• About 1 in 2 people ages 15-49 in the United States have HSV-1 (which commonly causes oral herpes).8 Globally, more than 3.7 billion people ages 15-49 are infected.9
  • About 1 in 6 people ages 15-49 in the United States have HSV-2 (which commonly causes genital herpes).8 Globally, more than 417 million people ages 15-49 have HSV-2 infection. 9

Herpes Transmission

Both types of HSV spread through direct contact with another person. Herpes spreads through:

  • Herpes sores – HSV may be transferred when an uninfected person comes in contact with a herpes sore either during genital contact or through kissing.10
  • Saliva – Oral herpes can transfer through saliva when it comes in contact with an open sore.10 Most oral HSV-1 infections are acquired in childhood through saliva or direct contact with an oral herpes sore.2
  • Genital secretions – Whether or not a herpes sore is present, the virus can pass through genital secretions.10
  • Skin – HSV can pass from an infected person through the skin around the mouth or genitals during an outbreak.10
  • During birth – In rare cases, HSV-1 and HSV-2 can pass from a mother to her baby during childbirth. However, there are precautions (such as C-section delivery) that can help avoid transmission.2

Like many STIs, there is a lot of incorrect information that swirls around about herpes. You cannot get herpes from:

  • Toilet seats10
  • Sheets or other bedding10
  • Swimming pools10
  • Other objects like towels, silverware or soap10

Symptoms of Herpes

While herpes is one of the most widespread viral infections in the world, most infected people do not have symptoms and do not know they have the STI. When signs of infection do appear, they are often mild and easily mistaken for other skin conditions such as a pimple or insect bite or for other infections like yeast infection. The herpes virus can live in your body dormant – as if it were asleep – for many years without causing noticeable symptoms.11

As discussed earlier, when herpes infections do show symptoms, the most common, recognizable symptoms are outbreaks of blister-like sores. These can last anywhere from 2-4 weeks during the first outbreak.11 The first outbreak a patient experiences may also be accompanied by flu-like symptoms, like fever and swollen lymph nodes, especially near the groin.11 A person may also experience headache or pain during urination.11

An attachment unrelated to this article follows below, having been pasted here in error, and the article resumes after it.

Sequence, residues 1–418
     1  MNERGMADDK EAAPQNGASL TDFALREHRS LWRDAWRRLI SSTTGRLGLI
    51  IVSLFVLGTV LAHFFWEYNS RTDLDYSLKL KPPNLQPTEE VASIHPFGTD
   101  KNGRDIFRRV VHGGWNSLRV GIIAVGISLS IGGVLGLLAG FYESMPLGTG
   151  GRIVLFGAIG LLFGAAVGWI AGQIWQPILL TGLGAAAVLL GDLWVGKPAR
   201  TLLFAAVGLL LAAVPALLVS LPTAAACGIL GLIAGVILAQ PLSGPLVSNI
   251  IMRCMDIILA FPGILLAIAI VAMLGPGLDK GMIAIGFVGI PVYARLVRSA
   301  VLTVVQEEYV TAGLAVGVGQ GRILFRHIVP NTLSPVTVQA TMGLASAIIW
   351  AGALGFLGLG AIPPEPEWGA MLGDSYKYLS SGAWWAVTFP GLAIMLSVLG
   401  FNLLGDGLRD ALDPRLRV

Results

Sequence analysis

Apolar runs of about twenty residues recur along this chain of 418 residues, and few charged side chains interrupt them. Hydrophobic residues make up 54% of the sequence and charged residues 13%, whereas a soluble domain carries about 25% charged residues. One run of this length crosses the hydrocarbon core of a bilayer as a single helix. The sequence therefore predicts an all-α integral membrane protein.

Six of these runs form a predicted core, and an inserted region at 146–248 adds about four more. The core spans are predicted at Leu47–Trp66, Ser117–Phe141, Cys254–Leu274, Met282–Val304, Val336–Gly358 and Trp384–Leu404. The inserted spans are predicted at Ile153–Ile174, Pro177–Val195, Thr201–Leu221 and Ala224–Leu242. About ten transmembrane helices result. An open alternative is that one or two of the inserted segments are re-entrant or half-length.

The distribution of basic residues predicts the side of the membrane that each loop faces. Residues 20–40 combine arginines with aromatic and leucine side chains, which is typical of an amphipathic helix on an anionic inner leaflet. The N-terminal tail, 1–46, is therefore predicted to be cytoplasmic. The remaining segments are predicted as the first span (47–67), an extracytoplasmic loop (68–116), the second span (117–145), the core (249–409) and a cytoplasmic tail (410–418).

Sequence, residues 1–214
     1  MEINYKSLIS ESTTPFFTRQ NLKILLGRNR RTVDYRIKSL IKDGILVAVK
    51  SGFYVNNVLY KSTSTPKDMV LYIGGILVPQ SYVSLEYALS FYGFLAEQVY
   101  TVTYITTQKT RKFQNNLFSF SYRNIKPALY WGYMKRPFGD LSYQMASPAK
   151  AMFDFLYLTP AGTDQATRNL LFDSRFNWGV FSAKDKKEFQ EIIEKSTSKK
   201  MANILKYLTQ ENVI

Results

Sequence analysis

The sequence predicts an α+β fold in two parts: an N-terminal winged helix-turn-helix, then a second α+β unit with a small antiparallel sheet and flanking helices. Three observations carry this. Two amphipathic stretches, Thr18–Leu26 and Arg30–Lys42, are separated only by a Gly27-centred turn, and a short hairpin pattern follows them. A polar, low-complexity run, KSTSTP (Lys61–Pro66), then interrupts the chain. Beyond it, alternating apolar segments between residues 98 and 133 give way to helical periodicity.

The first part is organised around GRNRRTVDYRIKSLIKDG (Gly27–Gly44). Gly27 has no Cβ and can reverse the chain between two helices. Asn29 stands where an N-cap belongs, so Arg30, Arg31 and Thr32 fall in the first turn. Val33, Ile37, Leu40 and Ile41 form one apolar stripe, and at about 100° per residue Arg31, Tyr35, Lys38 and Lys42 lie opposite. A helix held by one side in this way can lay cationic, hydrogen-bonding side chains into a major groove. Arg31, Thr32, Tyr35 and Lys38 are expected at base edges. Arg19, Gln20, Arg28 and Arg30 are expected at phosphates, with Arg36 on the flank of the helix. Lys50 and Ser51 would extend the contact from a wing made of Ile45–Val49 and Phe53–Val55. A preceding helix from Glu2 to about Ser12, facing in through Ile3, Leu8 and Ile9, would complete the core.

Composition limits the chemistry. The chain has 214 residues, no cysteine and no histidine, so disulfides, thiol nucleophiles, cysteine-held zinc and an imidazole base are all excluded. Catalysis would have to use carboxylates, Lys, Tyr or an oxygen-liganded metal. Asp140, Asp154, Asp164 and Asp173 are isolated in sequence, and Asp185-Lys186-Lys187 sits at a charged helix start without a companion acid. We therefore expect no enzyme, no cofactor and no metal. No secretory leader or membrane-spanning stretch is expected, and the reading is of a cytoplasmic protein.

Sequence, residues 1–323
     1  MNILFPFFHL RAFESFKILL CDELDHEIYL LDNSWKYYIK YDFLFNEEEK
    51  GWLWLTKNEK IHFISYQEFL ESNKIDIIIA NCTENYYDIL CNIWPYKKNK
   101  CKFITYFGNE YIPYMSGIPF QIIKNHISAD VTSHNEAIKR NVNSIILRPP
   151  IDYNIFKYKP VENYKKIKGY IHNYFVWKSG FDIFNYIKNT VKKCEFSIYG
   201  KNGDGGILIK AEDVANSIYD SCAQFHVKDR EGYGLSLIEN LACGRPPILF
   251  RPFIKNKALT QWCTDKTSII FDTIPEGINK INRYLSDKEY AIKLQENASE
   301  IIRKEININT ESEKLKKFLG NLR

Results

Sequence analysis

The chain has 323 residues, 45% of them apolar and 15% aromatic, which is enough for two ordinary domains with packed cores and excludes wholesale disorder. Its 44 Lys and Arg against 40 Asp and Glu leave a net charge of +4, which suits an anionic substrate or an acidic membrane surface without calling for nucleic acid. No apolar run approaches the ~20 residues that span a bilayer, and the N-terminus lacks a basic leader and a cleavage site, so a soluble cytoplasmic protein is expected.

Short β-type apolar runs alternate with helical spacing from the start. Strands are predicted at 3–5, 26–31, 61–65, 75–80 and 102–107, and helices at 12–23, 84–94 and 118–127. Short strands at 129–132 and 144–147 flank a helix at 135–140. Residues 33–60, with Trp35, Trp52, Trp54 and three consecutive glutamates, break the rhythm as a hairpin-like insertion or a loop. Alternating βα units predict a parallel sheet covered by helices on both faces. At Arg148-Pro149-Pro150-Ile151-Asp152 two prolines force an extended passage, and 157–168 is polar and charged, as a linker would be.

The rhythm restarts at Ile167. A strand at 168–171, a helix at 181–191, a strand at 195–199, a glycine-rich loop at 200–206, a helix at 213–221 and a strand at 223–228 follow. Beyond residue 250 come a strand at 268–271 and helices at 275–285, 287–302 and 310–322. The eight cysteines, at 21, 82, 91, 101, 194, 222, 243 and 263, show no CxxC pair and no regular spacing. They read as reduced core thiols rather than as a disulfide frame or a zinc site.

Repeated Herpes Outbreaks

The first herpes outbreak is almost always the most severe outbreak that a person will experience.11 After the first outbreak, symptoms are usually much more mild, and may not include body aches, fever or headaches like the first outbreak.10,11 These outbreaks are typically shorter and can last just a few days.11 HSV-2 infection is more likely to lead to recurrent outbreaks than HSV-1 infection.2

After a first outbreak, some patients report noting different “triggers” that may contribute to the start of an outbreak. While they differ for different people, contributing factors may include illness, poor diet, stress, exposure to ultraviolet light, friction in the genital area (such as from tight pants or wet underwear) and more.11

Prodrome Feeling

Some patients who have already experienced what a herpes outbreak feels like may begin to tell when new outbreaks are coming in the future. Patients have said they feel an itching, tingling or pain in the area where they get outbreaks. This is called “prodrome,” which is a type of warning sign the body gives to let patients know that an outbreak is coming on.11 If you have been diagnosed with herpes and have this feeling, it is smart to begin avoiding skin-to-skin contact and take other safety steps to avoid spreading the virus.11

Testing for HSV

Though many people have HSV infection, the Centers for Disease Control and Prevention only recommends testing for people who have symptoms.12 If you are worried you may have been exposed to HSV, it’s important to ask your healthcare provider about testing.